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Echoing daddyjeep above,

I have cut feet off my frame that were too rusty for my liking and welded in fresh steel and have 100% confidence in it. I can't imagine a truly "unfixable" scenario.

I do understand why the shops would approach the issue this way though, they can't take chances.

However you proceed, good luck and I'm sure either fixing or replacing will be an invaluable experience. It can be daunting at times but the end result is worth it and the experience builds character and confidence.
 

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Echoing daddyjeep above,

I have cut feet off my frame that were too rusty for my liking and welded in fresh steel and have 100% confidence in it. I can't imagine a truly "unfixable" scenario.

I do understand why the shops would approach the issue this way though, they can't take chances.

However you proceed, good luck and I'm sure either fixing or replacing will be an invaluable experience. It can be daunting at times but the end result is worth it and the experience builds character and confidence.


We found the rebuild project at a shop that specializes in Jeep builds. When the owner saw my son is an enthusiast and knew quite a bit, they told him they'd help (mostly build) his dream Jeep. He now will have a new frame on a 4 inch lift, new tub with zero rust, and he's going to have a 350 small block in it. He will go there on weekends and learn and help on his Jeep. He is so glad to be part of the Jeep community. I'll post pics when it's done. Thanks for all the help


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I agree that it would be a great project to learn from with your son being new to all of this. The down side is that it is a big project and will definitely take some time and he would need some guidance. There are tons of knowledgeable people here that have done the same thing and we will help guide you guys through this if you decide to do it yourselves.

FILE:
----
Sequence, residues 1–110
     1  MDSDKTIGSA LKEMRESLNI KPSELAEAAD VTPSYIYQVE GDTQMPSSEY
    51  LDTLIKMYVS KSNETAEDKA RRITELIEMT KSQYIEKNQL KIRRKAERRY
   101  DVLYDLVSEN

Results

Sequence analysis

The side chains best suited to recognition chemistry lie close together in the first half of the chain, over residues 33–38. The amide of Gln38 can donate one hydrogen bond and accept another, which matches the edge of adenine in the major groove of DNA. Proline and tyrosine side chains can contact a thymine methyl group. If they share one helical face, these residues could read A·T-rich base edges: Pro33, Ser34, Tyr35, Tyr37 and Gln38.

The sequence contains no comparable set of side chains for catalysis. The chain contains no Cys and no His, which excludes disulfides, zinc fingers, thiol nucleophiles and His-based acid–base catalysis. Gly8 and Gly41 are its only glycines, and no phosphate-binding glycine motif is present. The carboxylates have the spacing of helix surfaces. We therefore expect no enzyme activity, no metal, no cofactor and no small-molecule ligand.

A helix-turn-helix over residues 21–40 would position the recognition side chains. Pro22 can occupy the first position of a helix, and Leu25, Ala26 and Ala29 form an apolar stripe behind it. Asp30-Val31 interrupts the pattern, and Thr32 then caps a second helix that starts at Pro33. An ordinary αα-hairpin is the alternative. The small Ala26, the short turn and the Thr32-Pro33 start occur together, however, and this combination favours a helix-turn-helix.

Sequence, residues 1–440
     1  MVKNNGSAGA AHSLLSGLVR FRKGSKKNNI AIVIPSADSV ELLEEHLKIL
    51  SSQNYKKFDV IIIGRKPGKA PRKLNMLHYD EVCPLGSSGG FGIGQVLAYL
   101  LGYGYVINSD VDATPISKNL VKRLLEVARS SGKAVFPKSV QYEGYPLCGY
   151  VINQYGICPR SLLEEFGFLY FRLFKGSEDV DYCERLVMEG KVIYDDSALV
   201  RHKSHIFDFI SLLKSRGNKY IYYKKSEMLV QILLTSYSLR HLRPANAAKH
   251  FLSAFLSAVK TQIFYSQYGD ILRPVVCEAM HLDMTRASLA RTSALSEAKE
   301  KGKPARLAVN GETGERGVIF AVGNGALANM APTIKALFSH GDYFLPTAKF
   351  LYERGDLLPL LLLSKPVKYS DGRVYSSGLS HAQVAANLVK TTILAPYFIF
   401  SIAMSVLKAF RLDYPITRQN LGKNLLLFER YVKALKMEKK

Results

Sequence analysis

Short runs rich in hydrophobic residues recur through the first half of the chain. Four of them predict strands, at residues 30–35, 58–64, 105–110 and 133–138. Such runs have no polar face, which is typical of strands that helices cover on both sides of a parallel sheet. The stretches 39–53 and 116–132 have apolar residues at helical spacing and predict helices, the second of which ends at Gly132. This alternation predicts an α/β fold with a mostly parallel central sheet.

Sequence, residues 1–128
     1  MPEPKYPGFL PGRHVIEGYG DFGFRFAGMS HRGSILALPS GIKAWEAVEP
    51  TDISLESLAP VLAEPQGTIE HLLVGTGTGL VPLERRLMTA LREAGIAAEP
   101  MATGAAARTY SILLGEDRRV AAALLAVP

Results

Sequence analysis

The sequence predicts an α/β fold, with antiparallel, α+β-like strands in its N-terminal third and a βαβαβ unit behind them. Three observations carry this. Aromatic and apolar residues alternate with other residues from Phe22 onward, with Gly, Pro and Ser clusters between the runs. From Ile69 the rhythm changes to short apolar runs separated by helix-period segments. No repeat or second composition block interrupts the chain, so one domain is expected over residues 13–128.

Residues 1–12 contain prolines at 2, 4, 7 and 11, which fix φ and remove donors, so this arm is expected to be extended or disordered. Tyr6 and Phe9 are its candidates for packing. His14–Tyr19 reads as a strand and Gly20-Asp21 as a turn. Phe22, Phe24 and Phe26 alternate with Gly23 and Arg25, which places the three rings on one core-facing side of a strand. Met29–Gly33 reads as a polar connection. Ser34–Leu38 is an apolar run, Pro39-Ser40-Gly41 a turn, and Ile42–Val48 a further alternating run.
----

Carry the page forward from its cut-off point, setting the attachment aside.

http://www.wranglerforum.com/attachment.php?attachmentid=206536&d=1360185199

This is where mine started....I have been there. :)

The thing with most shops is that they don't understand a lot of the custom things that us hot rodders do. I'm sure the frame can be fixed, but it certainly needs to be done by someone that knows what they are doing. I have repaired and modified my frame in a whole bunch of places and have full confidence in it. If you look at the first couple pages of my build I am sure you will see similar frame problems to your son's Jeep.


It is similar to his actually. We will save his frame after his rebuild since we did find a new one. That way if anyone else on here needs one I'll have it. Thanks


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We found the rebuild project at a shop that specializes in Jeep builds. When the owner saw my son is an enthusiast and knew quite a bit, they told him they'd help (mostly build) his dream Jeep. He now will have a new frame on a 4 inch lift, new tub with zero rust, and he's going to have a 350 small block in it. He will go there on weekends and learn and help on his Jeep. He is so glad to be part of the Jeep community. I'll post pics when it's done. Thanks for all the help

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Sounds like a perfect opportunity for your son. You should start a build thread so we can follow along.